Avoid memory copying between user space and kernel space
I recently started working with Linux and wrote my first device driver for a hardware chip controlled by a host CPU running Linux 2.6.x kernel.
1. The user space process makes an IOCTL call with pointer to a user memory buffer.
2. The kernel device driver in the big switch-case of IOCTL, first does a copy to kernel space
3. The driver then processes the memory, eventually writing words to the hardware blocks as appropriate
The memory copying is a performance hit because of limited cycles available on this embedded CPU. How does one avoid unnecessary memory copy between user space and kernel space? Suppose there is a buffer in the user-space that needs to be read by the kernel space? I believe that the typical code in the kernel mode device driver is:
copy_from_user(kernel_dst_buffer, user_src_buffer, length);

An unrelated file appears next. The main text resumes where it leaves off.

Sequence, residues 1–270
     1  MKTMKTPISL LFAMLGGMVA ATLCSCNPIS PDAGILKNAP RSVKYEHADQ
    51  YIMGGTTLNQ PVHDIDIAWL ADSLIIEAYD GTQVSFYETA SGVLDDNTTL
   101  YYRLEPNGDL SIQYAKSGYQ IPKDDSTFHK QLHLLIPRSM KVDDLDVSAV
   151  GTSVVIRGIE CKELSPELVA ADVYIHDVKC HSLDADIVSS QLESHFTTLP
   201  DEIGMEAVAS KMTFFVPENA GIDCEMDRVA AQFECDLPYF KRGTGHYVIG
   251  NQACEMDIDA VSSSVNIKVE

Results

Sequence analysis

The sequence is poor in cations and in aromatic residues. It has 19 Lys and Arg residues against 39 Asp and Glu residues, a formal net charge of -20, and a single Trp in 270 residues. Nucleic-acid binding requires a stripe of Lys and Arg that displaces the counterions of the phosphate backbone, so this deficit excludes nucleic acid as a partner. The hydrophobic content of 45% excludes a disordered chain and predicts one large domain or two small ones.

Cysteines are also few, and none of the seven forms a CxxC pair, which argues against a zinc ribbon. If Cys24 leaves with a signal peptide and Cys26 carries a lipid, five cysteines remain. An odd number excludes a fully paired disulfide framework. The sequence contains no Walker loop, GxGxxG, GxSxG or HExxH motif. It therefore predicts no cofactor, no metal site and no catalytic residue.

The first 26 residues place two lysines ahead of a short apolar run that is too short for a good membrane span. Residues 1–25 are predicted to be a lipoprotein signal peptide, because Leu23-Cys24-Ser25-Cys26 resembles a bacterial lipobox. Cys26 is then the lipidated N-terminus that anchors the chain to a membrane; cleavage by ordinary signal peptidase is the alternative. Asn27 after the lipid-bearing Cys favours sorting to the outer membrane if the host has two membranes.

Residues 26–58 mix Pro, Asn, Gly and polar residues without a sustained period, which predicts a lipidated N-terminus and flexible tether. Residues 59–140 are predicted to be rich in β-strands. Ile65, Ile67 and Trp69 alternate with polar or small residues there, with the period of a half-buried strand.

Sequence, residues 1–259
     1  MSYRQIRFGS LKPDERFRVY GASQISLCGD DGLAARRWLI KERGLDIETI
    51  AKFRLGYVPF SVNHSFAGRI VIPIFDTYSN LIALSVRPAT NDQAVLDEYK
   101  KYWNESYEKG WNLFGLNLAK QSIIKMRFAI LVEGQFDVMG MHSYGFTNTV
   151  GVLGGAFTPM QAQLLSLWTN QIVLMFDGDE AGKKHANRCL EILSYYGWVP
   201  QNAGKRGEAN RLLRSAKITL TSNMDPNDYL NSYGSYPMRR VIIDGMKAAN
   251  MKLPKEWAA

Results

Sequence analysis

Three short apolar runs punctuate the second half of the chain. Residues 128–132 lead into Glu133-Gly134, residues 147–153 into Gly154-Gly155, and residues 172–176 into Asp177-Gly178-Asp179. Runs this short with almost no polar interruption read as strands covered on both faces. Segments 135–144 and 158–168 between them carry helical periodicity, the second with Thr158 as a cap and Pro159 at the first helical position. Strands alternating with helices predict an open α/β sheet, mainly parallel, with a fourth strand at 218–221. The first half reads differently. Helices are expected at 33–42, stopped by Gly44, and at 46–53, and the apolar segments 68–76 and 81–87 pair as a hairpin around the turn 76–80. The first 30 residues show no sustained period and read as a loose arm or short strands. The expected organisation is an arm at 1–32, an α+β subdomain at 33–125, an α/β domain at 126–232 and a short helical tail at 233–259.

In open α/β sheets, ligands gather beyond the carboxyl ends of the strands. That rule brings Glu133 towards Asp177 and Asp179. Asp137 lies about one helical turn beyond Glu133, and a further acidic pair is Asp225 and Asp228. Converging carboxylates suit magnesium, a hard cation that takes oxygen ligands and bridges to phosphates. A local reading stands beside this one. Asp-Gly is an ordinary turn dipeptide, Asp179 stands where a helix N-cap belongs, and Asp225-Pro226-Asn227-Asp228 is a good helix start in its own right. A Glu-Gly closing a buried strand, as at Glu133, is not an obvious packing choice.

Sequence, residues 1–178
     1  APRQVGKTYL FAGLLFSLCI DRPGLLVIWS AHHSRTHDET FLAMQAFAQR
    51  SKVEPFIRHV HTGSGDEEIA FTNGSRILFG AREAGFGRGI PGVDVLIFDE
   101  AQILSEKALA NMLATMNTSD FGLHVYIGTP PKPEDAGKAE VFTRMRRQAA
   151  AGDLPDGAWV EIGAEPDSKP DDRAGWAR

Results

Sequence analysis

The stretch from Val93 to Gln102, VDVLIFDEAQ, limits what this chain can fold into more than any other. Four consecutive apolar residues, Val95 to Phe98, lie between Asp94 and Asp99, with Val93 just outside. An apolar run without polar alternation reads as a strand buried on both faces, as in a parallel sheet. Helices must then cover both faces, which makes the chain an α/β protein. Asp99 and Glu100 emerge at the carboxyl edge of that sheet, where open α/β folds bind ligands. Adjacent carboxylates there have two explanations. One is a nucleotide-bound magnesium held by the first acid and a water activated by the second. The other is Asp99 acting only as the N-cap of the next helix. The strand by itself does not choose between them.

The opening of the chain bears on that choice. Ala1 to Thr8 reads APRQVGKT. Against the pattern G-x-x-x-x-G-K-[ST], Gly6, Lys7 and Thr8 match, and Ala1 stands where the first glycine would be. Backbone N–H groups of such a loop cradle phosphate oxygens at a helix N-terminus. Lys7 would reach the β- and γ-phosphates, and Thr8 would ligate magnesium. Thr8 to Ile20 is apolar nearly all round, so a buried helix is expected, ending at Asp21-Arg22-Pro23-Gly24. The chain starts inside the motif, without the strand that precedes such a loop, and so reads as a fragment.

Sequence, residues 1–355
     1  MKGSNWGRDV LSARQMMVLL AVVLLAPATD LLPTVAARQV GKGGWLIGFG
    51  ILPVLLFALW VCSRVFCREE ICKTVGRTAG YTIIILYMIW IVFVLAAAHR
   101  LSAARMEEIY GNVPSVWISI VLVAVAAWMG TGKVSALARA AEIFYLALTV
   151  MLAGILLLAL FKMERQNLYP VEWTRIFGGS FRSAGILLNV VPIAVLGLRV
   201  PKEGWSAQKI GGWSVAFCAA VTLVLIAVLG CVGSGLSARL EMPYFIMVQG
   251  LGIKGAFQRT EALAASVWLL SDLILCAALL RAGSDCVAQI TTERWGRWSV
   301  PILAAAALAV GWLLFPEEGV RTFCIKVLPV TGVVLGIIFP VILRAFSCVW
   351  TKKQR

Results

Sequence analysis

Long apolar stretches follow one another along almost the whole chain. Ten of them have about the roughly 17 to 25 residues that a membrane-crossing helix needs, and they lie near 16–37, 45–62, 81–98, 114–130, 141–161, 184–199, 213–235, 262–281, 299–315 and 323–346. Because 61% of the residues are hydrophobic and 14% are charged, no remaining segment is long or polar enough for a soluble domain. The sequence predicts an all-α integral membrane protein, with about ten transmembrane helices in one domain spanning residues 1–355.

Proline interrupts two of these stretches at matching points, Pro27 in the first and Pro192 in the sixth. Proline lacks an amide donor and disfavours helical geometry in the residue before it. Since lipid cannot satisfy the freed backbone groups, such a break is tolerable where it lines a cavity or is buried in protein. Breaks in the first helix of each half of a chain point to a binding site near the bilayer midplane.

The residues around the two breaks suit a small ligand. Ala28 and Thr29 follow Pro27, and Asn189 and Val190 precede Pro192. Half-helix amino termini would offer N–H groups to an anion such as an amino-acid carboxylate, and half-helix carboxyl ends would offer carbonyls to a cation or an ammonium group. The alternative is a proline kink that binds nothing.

I want to avoid the copy_from_user and was trying to read up my "Linux Device Drivers book by Corbet/Rubini" and search online as well. It appears that one of the following will be used:
but I can't figure out. It appears extremely difficult/complicated for a simple task of sharing memory between user/kernel modes. Is that how it is? I couldn't even get any sample code for sharing memory though there appears to be sample code for just about everything. Maybe my search strings are broken.
Any pointers? Thanks a lot! I am an absolute beginner so apologies in advance if this is standard knowledge.